Can you tell what this bird is? Oregon coast.
Posted 04 April 2012 - 10:38 PM
Posted 04 April 2012 - 10:48 PM
EDIT:. spoke too soon, apparently it could also be a Pacific form Merlin. I still think it's a juvie Peregrine Falcon, though.
Posted 04 April 2012 - 10:51 PM
Posted 04 April 2012 - 11:09 PM
Posted 05 April 2012 - 12:05 AM
Posted 05 April 2012 - 12:48 AM
Wouldn't a dark (Pacific?) juvenile peregrine have a wider "mustache"?
How common is a long white supercillium in dark peregrines?
The dark tail bands seem too wide for peregrine, especially the last one.
The wings look too short (could be angle)
The typical "look" changes when the beak opens.
How large is this damselfly?
Posted 05 April 2012 - 12:59 AM
Posted 05 April 2012 - 01:07 AM
On Merlin, it says they eat "Larger animals...insects (especially dragonflies and moths), small mammals...and reptiles."
Posted 05 April 2012 - 01:12 AM
"Sometimes hunts on foot after insects, other invertebrates, small mammals, and especially nestling and fledgling birds and precocial downy young (Sherrod 1983, Rosenfield et al. 1995, Dekker 1999). Particularly noted in Greenland, where passerines provide bulk of food."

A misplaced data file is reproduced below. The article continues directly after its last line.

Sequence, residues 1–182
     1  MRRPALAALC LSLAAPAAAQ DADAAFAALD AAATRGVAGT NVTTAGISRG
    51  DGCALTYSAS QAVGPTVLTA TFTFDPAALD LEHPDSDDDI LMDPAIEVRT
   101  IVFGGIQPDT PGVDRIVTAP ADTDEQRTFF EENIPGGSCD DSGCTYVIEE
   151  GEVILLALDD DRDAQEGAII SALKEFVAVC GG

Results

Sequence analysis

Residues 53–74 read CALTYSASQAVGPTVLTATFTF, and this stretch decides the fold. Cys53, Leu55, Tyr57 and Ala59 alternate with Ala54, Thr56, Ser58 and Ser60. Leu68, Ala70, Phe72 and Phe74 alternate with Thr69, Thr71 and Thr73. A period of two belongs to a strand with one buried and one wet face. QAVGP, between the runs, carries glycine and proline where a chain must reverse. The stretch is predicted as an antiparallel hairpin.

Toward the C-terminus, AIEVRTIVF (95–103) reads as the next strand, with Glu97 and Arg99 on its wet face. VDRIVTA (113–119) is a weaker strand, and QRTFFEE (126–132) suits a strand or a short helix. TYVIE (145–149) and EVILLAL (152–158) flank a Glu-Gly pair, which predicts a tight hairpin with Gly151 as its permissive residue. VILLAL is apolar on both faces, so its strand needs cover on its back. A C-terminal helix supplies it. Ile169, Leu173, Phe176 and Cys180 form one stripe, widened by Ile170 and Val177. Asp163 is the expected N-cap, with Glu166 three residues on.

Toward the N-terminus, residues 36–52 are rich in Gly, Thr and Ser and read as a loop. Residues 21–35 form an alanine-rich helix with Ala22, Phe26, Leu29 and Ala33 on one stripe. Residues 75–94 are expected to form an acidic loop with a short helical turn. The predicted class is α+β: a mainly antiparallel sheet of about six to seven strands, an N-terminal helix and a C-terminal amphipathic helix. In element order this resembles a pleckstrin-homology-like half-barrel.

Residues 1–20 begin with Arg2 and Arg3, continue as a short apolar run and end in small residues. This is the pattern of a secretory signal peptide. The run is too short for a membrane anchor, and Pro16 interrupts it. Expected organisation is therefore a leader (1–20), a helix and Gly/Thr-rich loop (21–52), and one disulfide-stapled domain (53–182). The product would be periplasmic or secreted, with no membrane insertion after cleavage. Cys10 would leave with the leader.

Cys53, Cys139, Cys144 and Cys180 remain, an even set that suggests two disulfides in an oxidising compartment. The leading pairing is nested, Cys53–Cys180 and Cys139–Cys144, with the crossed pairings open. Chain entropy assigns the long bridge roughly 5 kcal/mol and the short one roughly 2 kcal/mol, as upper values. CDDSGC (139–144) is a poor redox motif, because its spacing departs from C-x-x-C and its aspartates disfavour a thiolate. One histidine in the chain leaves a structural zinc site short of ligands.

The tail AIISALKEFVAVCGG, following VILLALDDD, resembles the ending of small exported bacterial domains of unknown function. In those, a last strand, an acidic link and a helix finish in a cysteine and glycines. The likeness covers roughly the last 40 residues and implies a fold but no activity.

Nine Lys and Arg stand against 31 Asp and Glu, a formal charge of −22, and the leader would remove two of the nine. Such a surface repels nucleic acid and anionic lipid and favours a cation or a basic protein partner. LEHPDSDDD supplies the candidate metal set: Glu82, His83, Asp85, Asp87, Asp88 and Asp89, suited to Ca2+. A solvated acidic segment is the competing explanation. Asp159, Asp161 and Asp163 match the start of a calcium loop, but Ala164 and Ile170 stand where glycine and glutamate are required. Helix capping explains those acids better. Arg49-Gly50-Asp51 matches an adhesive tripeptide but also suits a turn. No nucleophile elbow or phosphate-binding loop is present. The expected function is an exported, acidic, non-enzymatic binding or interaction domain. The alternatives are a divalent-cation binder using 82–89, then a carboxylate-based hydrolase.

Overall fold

Posted 05 April 2012 - 02:11 AM
Life list: 361
Latest: Wilson's Plover, Lark Sparrow, Elegant Tern, Northern Lapwing, King Rail, Snail Kite, Bachman's Sparrow, Red-cockaded Woodpecker, Bronzed Cowbird, Purple Swamphen.
Posted 05 April 2012 - 02:55 AM
Posted 05 April 2012 - 03:01 AM
Lark Sparrow, Roseate Spoonbill, Painted Bunting
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Posted 05 April 2012 - 03:28 AM
I'm really looking forward to his reply, I think there's great points on both sides of the argument!
Posted 05 April 2012 - 03:59 AM
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